Indigenous groups in the Brazilian Amazon rainforest are increasingly using the internet to share evidence of environmental crimes.
These groups use phones, video cameras, and social media to share information with the public. They want to increase the pressure on officials to respond quickly to their concerns.
Until recently, indigenous Communities often used the radio to broadcast their calls for help. These calls were communicated to the media and the public by environmental and indigenous rights groups.
Brazil’s President Jair Bolsonaro has criticized these nonprofit groups. Bolsonaro supports the legalization of mining and land leasing in protected indigenous areas.
But videos and photos taken directly from tribal peoples have attracted attention. This is forcing officials and the public to grapple with what is happening.
Nara Baré is the head of the group Coordination of Indigenous Organizations of the Brazilian Amazon. She said: “If technology is used correctly, it helps a lot in real time monitoring and denounce.”
The Internet in different areas
Communication connectivity not only helps with reporting information on social media. Brazil’s federal prosecutor’s office has set up a website to register and receive reported crimes uploaded visuals.
In the past, people from distant communities had to travel long and costly to the nearest city with a federal prosecutor’s office.
The Xipaia Territory is part of a rainforest area known as Terra do Meio. It has many indigenous and traditional riverine communities. Internet connections were not common until 2020. At the time, several nonprofit groups, including Health in Harmony and the Socio-Environmental Institute, funded the construction of 17 antennas throughout the metropolitan area.
Marcelo Salazar is the coordinator of Health in Harmony’s Brazil program. He said, “The Internet makes health, education and forestry matters easier.” Fighting environmental crime is an added benefit, he said.
Four out of five Xipaia communities are now connected to communications services.
About 1,300 kilometers west, in the Amazon state of Rondonia, an internet service allowed Uru-Eu-Wau-Wau people to take classes in photography and video so they could record deforestation. In 2020, a three-day training course on Zoom was held.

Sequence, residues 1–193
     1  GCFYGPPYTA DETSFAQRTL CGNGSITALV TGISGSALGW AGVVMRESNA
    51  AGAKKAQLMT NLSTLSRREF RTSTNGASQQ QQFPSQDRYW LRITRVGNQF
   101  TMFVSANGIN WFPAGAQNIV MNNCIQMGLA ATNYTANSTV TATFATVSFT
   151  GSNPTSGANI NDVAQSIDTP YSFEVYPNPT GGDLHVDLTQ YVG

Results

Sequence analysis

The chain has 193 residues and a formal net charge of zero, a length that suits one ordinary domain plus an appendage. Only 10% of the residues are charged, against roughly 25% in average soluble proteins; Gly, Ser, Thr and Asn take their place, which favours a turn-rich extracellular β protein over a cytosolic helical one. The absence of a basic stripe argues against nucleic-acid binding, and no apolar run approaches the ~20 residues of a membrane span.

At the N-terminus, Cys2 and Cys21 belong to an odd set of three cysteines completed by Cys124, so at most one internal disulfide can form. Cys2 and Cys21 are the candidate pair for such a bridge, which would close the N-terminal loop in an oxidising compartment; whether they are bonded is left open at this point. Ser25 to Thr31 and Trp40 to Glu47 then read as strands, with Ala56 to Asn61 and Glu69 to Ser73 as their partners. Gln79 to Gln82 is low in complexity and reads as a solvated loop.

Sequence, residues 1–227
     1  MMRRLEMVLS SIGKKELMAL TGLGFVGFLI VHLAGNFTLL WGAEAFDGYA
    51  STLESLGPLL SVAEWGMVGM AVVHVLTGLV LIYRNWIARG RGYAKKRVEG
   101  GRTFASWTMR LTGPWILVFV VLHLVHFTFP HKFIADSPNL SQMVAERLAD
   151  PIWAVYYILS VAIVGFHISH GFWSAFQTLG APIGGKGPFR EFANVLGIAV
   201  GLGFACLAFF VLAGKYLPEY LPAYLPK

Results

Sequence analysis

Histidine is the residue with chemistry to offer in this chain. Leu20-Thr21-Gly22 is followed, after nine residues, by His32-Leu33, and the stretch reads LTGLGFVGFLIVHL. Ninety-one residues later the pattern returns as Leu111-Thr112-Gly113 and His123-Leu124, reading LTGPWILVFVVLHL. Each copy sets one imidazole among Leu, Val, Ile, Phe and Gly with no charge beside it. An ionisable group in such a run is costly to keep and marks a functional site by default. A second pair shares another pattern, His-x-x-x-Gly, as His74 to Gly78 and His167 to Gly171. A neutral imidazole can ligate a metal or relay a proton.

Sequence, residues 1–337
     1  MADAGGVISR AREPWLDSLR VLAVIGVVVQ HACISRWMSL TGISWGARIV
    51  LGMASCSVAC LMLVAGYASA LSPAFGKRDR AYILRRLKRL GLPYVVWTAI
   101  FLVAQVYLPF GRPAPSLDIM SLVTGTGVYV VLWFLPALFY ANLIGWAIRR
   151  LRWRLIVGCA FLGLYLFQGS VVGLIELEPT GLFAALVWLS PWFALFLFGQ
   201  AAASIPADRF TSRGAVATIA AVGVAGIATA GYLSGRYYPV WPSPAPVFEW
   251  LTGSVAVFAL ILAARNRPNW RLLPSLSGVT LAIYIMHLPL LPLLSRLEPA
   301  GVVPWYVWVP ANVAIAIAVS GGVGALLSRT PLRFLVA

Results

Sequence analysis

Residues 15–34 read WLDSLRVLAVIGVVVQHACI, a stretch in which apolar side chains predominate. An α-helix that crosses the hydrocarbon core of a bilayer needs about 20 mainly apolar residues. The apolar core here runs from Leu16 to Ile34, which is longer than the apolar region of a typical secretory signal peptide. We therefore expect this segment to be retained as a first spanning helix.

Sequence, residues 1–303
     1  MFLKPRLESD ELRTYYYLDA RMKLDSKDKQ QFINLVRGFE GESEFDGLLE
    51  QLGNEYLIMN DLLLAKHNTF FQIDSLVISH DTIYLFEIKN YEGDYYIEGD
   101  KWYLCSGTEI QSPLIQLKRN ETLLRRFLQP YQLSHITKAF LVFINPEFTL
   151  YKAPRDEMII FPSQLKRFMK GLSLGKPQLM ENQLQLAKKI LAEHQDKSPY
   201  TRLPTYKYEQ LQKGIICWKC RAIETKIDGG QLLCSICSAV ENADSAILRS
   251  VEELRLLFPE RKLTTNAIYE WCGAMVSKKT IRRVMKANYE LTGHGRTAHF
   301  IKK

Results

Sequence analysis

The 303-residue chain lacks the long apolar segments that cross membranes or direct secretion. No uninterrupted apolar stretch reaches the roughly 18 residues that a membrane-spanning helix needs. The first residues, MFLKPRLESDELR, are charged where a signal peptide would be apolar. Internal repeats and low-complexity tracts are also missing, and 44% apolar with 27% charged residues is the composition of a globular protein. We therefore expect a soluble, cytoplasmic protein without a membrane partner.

This is how the documentary came about the territory. The film won awards at this year’s Sundance Film Festival, Copenhagen International Documentary Film Festival and others. Throughout production, American director Alex Pritz used WhatsApp to communicate with his newly trained cinematographers.
Bolsonaro’s promises to legalize mining and other activities on indigenous lands in the Amazon have prompted more people to move to those areas. Indigenous and environmental groups estimate that there are 20,000 illegal miners in the Yanomami territory. It is an area about the size of Portugal in northern Brazil.
Bolsonaro’s government says there are 3,500 miners there.
Some fear that indigenous groups like the Xipaia won’t be the only ones to benefit from better internet availability in the Amazon. Illegal miners sometimes work with local indigenous leaders and secretly communicate through messaging apps.
The information can help miners hide heavy machinery or alert them to upcoming raids by law enforcement officials.
The state of Roraima is home to most of the Yanomami territory. The AP has contacted an internet provider that offers Wireless Internet access into an illegal gold mine for $2,600 plus $690 a month.
Health in Harmony’s Salazar described increased internet availability as “a double-edged sword,” meaning a situation that has both good and bad effects.
I’m John Russell.
Fabiano Maisonnave covered this story for the Associated Press. John Russell adapted it for learning English.
words in this story
indigenous – adj. produced in an area, living or naturally occurring
to rent – v. use (something) for a certain period of time for a fee
monitor – v. to view, observe, listen to or review (something) for a specific purpose over a specific period of time
denounce – v. report (someone) to the police or other authorities for illegal or immoral activities; to criticize (someone or something) harshly and publicly
upload – v. Computer: Moving or copying (a file, a program, etc.) from a computer or device to a usually larger computer or computer network
antenna – n. : a device (such as a wire or metal rod) used to transmit or receive radio, television, or cell phone signals
deforestation – n. the act or result of cutting down or burning all the trees in an area
Wireless Internet access -n. a local area network of wireless communication signals that connect devices within a few meters